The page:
Blueberries for Severe Trauma
Nutrition researchers have been big on exotic berries lately. That’s because camu camu, sea buckthorn, acai, goji, maqui, and other foreign fruits have demonstrated a remarkable ability to slow signs of aging and disease.
Then there’s the blueberry, one of very few fruits native to North America. It may not be exotic, but it still possesses incredible health benefits.
Blueberries have long been recommended for a variety of ailments: gout, urinary tract infections, reducing inflammation, and improving eye health.
Modern research has discovered that blueberries also have an affinity for the brain. Some studies show that eating blueberries may significantly improve memory, motor coordination, and general cognitive function. Other studies reveal that they may also protect against the onset of degenerative brain diseases such as Alzheimer’s and Parkinson’s.
The latest research suggests that blueberries may also be able to treat severe emotional trauma or post traumatic stress disorder (PTSD).
For their traumatized subjects, researchers at Louisiana State University looked at the brain chemistry of rats exposed to a terrifying predator: a cat.
Traumatized rats that ate a blueberry enriched diet (2 percent) saw a rise in serotonin—a neurotransmitter that affects mood, social behavior, memory, and sleep. Serotonin is increased when taking selective serotonin reuptake inhibitor (SSRI) drugs, such as Zoloft and Paxil. Severe depression, panic, and obsessive-compulsive behavior have been shown to correlate to a serotonin deficiency.
Traumatized rats fed a plain diet (no blueberries) did not show much of a serotonin increase, but instead demonstrated a predictable rise in norepinephrine—a neurotransmitter that often spikes in response to trauma.
Norepinephrine is also necessary to maintain a balanced mood, but when levels are too high it can reduce the effectiveness of serotonin. There was no change in norepinephrine for the blueberry-eating rats.
Brain and Heart Power
So what gives blueberry its neuroprotective ability? Antioxidants: vitamins and other phytochemicals that guard against something called oxidative stress.
Antioxidants protect our cellular structure from the damaging effects of toxins and the free radical byproducts of our own metabolism before they turn into cancer, heart disease, cognitive decline, arthritis, or other chronic problems.
All fruits and vegetables contain antioxidants, but berries are an exceptional source. You can detect the presence of antioxidants in foods that have a deep, rich color.
Blueberries get their unusual blue color from an antioxidant called anthocyanin, which is known to reduce inflammation. When combined with another blueberry antioxidant, quercetin, anthocyanin also helps slow cognitive decline.
Antioxidants help cool inflammation found throughout the body, but some seem to be specialized. Research shows that blueberries are especially suited toward the brain and heart—two organ systems that are particularly vulnerable to oxidative stress. A 2012 study found that women with a high anthocyanin intake reduced their risk of heart attack by a third.
Keep in mind that an occasional blueberry muffin isn’t necessarily going to stave off dementia. In some studies, a therapeutic dose is two to two-and-a-half cups of blueberries per day. Others suggest that a half cup of blueberries consumed a few times a week can still have remarkable benefits.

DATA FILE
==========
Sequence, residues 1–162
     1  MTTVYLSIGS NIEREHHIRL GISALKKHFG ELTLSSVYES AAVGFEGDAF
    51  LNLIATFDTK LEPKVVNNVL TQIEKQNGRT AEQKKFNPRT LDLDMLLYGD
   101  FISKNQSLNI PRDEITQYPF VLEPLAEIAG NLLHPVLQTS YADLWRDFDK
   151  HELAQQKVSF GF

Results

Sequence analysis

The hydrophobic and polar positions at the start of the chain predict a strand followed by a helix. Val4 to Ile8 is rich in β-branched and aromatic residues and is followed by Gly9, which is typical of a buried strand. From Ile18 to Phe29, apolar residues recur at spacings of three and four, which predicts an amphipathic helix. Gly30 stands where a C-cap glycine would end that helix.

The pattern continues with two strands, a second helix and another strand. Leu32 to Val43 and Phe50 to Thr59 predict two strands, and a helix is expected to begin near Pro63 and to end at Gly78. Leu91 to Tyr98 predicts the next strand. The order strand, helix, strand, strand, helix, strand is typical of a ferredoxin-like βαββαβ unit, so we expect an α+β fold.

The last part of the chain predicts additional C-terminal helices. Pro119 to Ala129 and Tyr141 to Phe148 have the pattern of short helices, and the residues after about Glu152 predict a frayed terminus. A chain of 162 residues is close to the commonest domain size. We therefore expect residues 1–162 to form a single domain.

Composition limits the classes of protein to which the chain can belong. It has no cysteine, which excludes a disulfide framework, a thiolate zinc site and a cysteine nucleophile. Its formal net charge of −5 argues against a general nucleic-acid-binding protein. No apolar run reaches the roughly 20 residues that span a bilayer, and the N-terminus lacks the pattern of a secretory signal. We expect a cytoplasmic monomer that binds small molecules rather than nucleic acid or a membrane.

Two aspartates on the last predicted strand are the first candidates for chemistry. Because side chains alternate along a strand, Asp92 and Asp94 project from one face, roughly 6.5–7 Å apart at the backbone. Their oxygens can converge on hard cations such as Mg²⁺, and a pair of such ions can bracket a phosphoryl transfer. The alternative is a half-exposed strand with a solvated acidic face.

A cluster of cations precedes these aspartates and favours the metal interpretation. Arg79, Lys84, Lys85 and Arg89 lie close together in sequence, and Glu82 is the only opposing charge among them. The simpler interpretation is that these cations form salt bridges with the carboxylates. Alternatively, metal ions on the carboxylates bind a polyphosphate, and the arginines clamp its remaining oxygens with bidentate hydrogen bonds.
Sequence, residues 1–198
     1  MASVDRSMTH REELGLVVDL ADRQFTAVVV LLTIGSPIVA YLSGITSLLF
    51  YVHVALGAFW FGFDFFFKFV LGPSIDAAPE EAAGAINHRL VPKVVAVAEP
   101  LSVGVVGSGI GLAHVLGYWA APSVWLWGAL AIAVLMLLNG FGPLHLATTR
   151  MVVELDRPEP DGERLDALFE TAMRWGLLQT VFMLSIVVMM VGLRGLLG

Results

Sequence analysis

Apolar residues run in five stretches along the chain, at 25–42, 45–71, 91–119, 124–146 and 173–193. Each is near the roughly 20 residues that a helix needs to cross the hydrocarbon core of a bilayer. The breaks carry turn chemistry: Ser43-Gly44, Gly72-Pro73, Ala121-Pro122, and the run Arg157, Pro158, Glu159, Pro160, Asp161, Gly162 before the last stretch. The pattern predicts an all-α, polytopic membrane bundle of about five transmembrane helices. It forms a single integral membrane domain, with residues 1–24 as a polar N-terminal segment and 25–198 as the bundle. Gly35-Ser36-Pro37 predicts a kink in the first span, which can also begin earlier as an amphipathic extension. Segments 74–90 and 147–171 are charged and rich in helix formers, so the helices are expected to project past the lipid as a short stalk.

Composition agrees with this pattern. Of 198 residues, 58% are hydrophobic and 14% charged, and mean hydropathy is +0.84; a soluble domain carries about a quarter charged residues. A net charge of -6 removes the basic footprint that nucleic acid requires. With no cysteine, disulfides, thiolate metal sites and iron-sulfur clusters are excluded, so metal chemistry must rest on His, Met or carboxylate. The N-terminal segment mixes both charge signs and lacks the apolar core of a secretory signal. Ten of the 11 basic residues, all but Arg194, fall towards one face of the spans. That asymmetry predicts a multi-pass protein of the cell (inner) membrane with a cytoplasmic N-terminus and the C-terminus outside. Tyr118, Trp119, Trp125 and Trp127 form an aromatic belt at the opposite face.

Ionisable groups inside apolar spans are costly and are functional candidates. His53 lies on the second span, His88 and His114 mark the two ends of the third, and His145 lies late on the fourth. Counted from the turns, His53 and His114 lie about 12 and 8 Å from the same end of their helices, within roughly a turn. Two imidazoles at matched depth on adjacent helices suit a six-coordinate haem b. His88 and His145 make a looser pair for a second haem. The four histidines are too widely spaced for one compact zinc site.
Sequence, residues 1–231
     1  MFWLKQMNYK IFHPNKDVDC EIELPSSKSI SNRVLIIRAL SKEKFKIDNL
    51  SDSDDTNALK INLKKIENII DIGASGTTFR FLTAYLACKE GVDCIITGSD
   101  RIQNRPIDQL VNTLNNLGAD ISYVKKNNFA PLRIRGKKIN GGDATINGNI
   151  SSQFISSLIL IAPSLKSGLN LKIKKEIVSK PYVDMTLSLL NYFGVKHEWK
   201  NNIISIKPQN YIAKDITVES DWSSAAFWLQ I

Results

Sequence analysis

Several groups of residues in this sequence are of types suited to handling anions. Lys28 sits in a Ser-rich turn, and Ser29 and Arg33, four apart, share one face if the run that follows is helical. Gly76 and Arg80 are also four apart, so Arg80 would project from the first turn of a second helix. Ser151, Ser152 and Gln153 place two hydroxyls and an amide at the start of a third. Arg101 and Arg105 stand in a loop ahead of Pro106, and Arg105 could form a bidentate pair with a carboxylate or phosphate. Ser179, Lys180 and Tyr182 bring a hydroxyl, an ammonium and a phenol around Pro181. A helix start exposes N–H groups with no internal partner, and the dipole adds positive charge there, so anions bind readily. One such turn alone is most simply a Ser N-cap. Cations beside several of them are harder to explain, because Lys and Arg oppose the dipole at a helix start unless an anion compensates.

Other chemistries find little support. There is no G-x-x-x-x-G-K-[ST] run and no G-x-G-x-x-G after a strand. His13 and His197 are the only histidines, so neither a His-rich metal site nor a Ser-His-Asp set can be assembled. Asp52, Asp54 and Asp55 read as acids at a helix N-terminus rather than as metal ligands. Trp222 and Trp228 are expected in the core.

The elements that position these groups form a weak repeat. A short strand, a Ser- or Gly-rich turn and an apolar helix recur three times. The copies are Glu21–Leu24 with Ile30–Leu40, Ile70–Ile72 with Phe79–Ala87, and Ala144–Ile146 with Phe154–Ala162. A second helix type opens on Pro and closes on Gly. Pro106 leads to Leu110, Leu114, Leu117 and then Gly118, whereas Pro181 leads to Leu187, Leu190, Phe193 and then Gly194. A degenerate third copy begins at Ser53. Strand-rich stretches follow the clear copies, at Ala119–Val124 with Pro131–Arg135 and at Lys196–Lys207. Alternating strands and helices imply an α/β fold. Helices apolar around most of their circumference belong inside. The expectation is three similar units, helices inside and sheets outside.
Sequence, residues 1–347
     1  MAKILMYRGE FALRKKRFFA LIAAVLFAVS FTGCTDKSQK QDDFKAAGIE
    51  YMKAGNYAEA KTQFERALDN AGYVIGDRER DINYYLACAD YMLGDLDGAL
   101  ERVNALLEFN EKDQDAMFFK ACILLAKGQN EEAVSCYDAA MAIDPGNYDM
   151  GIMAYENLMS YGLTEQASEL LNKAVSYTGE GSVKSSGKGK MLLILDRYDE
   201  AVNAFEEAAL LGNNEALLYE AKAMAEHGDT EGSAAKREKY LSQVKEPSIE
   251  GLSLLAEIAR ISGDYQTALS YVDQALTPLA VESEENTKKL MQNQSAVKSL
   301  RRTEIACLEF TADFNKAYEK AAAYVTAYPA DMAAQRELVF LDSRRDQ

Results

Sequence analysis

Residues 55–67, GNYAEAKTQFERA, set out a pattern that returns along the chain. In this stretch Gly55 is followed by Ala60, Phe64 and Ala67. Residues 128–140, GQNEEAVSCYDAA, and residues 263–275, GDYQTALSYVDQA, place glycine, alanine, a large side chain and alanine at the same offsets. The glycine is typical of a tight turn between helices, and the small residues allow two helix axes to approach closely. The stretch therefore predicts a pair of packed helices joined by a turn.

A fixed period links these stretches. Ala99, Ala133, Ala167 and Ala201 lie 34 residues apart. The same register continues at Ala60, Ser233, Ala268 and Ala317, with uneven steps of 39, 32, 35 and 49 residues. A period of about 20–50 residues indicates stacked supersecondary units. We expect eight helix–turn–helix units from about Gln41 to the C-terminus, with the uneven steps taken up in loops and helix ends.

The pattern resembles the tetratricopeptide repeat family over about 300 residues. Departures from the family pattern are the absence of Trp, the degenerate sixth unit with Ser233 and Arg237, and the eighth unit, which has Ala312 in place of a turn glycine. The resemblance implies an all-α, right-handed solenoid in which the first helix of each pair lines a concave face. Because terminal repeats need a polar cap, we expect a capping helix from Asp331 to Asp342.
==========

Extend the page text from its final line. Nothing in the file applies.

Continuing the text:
It may seem like a lot, but consider that you would have to consume much more of almost any other fruit or vegetable to get the same amount of antioxidants from blueberries. Plus, they taste great!
Blueberries have a lower glycemic index than most fruit, so you don’t run the risk of spiking blood sugar like when you eat too many bananas or grapes. In fact, some studies show that blueberries can actually help balance blood sugar, and are even recommended for those with type 2 diabetes.
Eat Fresh, Frozen, Wild
Fresh berries are always a treat, but frozen is still a good choice when blueberries are out of season. One study found that frozen blueberries made antioxidants more bioavailable and increased concentration of anthocyanin.
There is also evidence to suggest that lightly steamed or dried blueberries have more concentrated antioxidants.
Wild blueberries, if you can find them, are even more antioxidant-rich than cultivated ones.
Avoid Juice, With Milk, Non-Organic
Pasteurized blueberry juice, while convenient, has many fewer antioxidants than other forms. One study also suggests that when blueberries are eaten with milk it impairs antioxidant absorption.
Whenever possible choose organic berries. Blueberries are ranked 14th among fruits and vegetables with the highest concentration of pesticide residue according to data from the U.S. Department of Agriculture.
Studies show that organic blueberries also have higher concentrations of nutrients and are better equipped to fend off cellular damage.
Fun Blueberry Facts
Blueberries are the second most popular berry in the United States, after strawberries.
Blueberry production has skyrocketed in the last 20 years. In 1995, the United States grew 93 million pounds. For 2015 U.S. growers predict 735 million pounds.
Blueberry cultivation is a fairly recent invention. The first commercial blueberry crop was grown in New Jersey in 1916. Today Michigan is the top grower of cultivated blueberries, and Maine grows the most wild blueberries, but it’s still the state fruit of New Jersey.
Native American tribes often looked to bears as a guide to finding food and medicine. Black bears eat a ton of berries, and will gorge themselves on blueberries when they’re available. According to the North American Bear Center, black bears can eat up to 30,000 berries a day.